Chemical synthesis underpins our society in general - whether in the production of medicines, household or personal care items or for heat and power. The process of discovering a new molecule and taking it through to production scale remains a challenge, despite centuries of experience. The conditions of small scale discovery can be very different to those at the scales required to bring the new chemical product to wider society. Reducing this time may mean bringing drugs to market earlier, or providing more environmentally friendly alternatives to existing products. A digital twin is a representation of a physical process within a computational framework, allowing virtual experimentation to be carried out to assess the best set of conditions under which to run processes. These conditions can be selected and weighted towards (for example) the most environmentally friendly process, or the cheapest - depending on the wider demands of society. A digital twin also allows this to be addressed dynamically. This project develops the framework for building digital twins. As all chemical processes are different, and depend very much on the particular synthesis, we have to first learn something about our specific reaction. This will be carried out at the small scale under computer control, to narrow down the wide range of conditions (e.g. temperatures, concentrations, choice of catalysts used to speed up the reaction) for the process. This information then informs our digital twin model. At larger scale conditions vary through the reactor - dealing with many thousands of litres of material is very different to dealing with the small quantities at the discovery scale. Now we have gradients of temperature, material is much more poorly mixed - these can all influence the reaction. So we take our knowledge of these variations, which includes running flow simulations, and map onto it the information from our small scale tests. We can select which reactors we want to use, and their conditions that they are run under and make decisions about the overall process - just as before, driving it through questions of sustainability, cost, material purity. This gives us a framework that spans the physical development of material with a digital representation. We can explore a much wider parameter space than ever possible through experimentation, and assess the entire process digitally. This brings unprecedented agility to the manufacturing of products. The project builds on the world-class research that exists in the UK in automated tools used for self-optimising reactor systems and has a range of industrial partners spanning pharmaceuticals; AstraZeneca, Pfizer and UCB Pharma, and reactor control software experts; Perceptive Engineering, ensuring the barriers to adoption by industry of the approach developed in this project are minimised.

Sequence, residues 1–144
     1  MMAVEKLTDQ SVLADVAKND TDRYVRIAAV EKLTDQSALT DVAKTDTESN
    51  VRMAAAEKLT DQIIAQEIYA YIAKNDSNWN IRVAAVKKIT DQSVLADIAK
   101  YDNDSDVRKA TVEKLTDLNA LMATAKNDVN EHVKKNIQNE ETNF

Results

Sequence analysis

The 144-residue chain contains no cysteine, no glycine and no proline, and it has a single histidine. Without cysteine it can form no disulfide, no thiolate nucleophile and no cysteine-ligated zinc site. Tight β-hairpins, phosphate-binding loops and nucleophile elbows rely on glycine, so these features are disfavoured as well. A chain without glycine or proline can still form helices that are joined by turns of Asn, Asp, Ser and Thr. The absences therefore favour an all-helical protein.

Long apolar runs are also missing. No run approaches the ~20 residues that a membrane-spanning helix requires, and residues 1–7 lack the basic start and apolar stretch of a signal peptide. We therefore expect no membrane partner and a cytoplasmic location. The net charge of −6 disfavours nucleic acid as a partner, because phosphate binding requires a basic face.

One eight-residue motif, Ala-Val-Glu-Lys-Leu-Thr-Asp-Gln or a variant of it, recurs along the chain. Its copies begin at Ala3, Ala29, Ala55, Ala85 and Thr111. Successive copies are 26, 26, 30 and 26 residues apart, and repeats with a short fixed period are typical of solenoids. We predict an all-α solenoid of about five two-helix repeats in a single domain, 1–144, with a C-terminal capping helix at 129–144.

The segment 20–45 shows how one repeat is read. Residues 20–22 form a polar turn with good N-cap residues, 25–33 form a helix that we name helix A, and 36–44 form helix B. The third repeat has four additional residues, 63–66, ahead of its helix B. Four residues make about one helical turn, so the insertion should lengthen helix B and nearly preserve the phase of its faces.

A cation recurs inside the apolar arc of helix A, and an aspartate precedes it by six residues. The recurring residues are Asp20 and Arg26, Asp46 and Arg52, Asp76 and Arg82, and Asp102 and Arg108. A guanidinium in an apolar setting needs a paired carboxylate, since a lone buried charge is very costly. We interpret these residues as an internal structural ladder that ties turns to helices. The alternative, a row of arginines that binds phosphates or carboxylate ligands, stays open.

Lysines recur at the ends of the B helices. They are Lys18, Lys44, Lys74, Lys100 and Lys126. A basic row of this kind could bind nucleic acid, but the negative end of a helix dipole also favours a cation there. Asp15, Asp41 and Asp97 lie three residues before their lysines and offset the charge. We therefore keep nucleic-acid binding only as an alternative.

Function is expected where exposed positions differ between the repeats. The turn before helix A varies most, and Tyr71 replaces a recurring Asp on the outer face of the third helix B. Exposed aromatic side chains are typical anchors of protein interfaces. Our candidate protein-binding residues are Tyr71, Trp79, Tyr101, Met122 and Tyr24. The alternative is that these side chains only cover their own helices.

There is tremendous future scope for biomolecular simulation to provide unprecedented insights into biomolecular systems. The level of detail afforded by these methods, along with their ability to rationalise experimental data and their predictive power are already enabling them to make significant contributions in a wide variety of areas that are crucial for healthcare, quality of life and the environment. The UK biomolecular simulation community has a strong international reputation, with world-leading efforts in in drug design and development, biocatalysis, bionano-technology, chemical biology and medicine. HECBioSim has already delivered outstanding research with impact in bionanotechology, drug design and AMR. But we have only just scratched the surface and there is currently huge room for expansion. Having access to the largest, most modern computing facilities is essential for this. Renewal of the Consortium will enable us to continue allocating time ARCHER for cutting-edge biomolecular simulations. We will place a special emphasis on reaching out to experimentalists and scientists working in industry in order to foster interactions between computational and experimental scientists, and academia and industry to encourage integrated multidisciplinary studies of key problems. Biomolecular simulation and modelling is an integral part of drug design and development. The pharmaceutical industry needs well-trained scientists in this area, as well as the development of new methods (e.g. for prediction of drug binding affinities, ligand selectivity and metabolism). Members of the consortium have a strong track record of collaboration with industry to deliver trained scientists and new methodologies. For example, PhD students trained by consortium members have recently taken up positions in UCB, Unilever, Oxford Nanoimaging and even Sky Broadcasting as software developer. Many of these academic-industry collaborations have been strengthened by work done through HECBioSim allocations. The Consortium will continue to welcome new members from across the whole community. We will continue to develop computational tools and training for both experts and non-experts using biomolecular simulation on HEC resources. We propose to develop new tools that will enable inter-conversion between biomolecular systems at different levels of resolution thereby allowing users to tackle more ambitious 'grand challenges' than are currently feasible. In summary HECBioSim will foster collaborations between computational and experimental scientists between scientists working in industry and academia in all disciplines within biomolecular simulation to maintain the UK as a world-leader in this field.